Making time stand stillBMJ 2001; 323 doi: https://doi.org/10.1136/bmj.323.7305.173/a (Published 21 July 2001) Cite this as: BMJ 2001;323:173
I was being interviewed recently on radio about primary care groups. My voice, like my life, has an irritating nasal twang, but for once I was being impressive and articulate. “You obviously have a very clear understanding of this subject,” said the interviewer admiringly. “Yes,” I said, “and that's because I'm making it up as I go along.”
We seem to have been continuously reorganising over the past 10 years, and at this stage I have given up on keeping track of it. Though I don't particularly blame the current government for the lack of resources, it can be blamed for its lack of honesty and the pretence that the state can continue to pay for all essential health care. The state can't pay, and won't pay. There isn't enough money, so there isn't enough care. More resources will have to be provided but maybe the all-powerful “new Labour” will be able to grasp the nettle. A new health tax, maybe?
Until then things will only get worse; increasing public expectations, increasing costs of new technology, an increasingly elderly population. The general public cannot understand how mind-bogglingly expensive free health care actually is, but I think doctors have mostly been realistic about this situation. We realise that resources can never meet the demand for health care, and that prioritising and rationing will always be a necessary evil.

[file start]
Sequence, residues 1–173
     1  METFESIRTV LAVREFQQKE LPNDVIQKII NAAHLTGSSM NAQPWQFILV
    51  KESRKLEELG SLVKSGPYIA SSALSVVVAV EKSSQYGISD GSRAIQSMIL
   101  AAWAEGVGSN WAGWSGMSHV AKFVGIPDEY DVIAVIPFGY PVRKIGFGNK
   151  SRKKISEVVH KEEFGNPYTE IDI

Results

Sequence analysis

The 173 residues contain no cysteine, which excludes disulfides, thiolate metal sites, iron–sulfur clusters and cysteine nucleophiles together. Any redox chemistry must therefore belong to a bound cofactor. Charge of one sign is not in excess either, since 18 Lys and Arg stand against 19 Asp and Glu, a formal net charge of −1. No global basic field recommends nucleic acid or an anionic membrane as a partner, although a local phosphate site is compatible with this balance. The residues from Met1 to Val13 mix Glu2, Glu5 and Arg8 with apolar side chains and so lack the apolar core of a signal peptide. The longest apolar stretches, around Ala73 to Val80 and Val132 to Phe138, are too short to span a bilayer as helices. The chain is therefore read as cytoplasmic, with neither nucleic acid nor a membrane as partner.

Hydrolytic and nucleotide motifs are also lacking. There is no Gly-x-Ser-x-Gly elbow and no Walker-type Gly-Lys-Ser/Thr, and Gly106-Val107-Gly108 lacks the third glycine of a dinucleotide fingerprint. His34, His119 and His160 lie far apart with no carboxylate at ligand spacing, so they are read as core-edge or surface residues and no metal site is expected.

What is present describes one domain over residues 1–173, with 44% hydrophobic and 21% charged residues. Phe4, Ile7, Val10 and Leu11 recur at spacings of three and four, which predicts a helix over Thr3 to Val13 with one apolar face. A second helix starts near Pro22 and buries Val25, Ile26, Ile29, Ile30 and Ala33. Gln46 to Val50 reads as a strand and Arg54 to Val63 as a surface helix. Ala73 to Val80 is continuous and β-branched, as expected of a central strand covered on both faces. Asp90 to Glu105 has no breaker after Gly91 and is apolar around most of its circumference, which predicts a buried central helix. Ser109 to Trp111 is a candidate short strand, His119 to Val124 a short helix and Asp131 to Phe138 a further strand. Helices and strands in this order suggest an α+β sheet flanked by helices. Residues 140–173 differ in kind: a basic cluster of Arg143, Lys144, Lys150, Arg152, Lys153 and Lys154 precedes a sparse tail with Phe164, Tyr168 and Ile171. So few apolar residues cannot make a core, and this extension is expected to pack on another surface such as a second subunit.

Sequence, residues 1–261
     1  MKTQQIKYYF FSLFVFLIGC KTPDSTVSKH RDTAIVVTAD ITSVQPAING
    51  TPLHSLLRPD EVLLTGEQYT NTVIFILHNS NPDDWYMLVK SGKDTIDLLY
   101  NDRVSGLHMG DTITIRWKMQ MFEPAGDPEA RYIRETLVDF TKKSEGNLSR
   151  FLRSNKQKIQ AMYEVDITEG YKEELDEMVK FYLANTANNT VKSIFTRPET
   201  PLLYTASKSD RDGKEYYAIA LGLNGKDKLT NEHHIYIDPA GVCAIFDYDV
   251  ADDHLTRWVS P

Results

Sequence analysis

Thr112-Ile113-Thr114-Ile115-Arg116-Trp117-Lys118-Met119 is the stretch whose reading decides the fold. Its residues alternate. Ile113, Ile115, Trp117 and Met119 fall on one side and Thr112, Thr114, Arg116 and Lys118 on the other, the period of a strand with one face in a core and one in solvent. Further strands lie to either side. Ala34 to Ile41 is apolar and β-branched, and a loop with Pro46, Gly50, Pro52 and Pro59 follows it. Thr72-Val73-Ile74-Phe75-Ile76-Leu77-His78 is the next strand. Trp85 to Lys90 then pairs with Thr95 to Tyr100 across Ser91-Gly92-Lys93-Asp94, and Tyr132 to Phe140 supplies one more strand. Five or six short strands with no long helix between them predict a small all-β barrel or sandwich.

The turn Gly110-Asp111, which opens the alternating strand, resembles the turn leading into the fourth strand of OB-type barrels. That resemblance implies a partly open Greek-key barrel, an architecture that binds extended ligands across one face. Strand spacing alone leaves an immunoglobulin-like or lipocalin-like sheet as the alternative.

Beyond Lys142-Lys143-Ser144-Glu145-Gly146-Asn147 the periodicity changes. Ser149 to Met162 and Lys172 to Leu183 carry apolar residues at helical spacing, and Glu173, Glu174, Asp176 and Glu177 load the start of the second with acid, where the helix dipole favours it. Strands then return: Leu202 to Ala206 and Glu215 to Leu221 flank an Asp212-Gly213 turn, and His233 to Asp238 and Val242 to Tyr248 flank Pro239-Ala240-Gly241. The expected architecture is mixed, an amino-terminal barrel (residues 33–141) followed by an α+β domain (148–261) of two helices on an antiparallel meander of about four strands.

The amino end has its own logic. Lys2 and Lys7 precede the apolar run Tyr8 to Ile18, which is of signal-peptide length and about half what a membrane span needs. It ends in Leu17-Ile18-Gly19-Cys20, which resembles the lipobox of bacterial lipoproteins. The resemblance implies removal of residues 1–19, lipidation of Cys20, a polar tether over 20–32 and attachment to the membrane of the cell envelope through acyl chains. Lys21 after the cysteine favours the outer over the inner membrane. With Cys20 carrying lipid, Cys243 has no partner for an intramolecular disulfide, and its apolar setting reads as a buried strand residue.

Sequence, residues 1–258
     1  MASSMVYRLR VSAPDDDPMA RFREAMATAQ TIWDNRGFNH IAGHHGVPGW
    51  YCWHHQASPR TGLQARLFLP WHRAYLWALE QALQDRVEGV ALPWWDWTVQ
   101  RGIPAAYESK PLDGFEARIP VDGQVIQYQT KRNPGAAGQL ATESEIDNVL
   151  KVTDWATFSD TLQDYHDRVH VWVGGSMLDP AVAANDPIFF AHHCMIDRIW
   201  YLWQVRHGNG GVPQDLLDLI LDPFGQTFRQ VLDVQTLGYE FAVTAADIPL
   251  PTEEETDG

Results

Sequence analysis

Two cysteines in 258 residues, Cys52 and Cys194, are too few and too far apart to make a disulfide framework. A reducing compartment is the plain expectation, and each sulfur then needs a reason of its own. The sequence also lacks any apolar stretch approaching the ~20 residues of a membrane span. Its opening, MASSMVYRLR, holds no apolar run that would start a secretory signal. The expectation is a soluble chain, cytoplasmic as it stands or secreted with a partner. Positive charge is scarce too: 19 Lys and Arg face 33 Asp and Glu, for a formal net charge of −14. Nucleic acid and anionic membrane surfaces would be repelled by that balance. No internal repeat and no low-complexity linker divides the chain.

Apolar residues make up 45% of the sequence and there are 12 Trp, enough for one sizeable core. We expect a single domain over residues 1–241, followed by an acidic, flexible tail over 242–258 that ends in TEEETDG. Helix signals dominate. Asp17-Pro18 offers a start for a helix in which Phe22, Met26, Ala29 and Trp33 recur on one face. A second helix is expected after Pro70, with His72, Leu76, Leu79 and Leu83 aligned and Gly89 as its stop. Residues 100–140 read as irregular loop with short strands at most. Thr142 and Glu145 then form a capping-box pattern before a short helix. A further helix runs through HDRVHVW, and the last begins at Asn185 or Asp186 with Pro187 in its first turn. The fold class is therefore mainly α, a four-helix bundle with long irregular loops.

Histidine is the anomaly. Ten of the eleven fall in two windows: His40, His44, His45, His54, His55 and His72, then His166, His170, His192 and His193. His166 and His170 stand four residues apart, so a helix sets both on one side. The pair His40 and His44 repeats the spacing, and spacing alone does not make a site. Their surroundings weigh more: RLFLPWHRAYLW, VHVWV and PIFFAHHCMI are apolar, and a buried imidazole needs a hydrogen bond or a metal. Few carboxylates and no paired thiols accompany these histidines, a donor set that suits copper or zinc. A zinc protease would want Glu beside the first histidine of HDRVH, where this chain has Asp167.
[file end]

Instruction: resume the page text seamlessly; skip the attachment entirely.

But recently things have been getting too bad to stand back and say nothing. For a start, waiting lists are a joke. I now routinely ask patients if they will consider a private referral, though I intensely dislike private medicine and its erosive effect on the trust required between doctor and patient. I used to work in a system where patients were charged for each GP visit. “Take the money off them,” said a senior colleague, “when the tears are in their eyes.” Referring a patient as non-urgent to orthopaedic outpatients is actually not a referral at all; that patient will never ever be seen. I could slip that referral letter into a spaceship bound for Alpha Centauri, and when that spaceship comes home, the patient will be no further up the waiting list. It's a way of making time stand still, somewhat akin to the time-space implications of Einstein's theory of relativity, and I shall be contacting NASA shortly.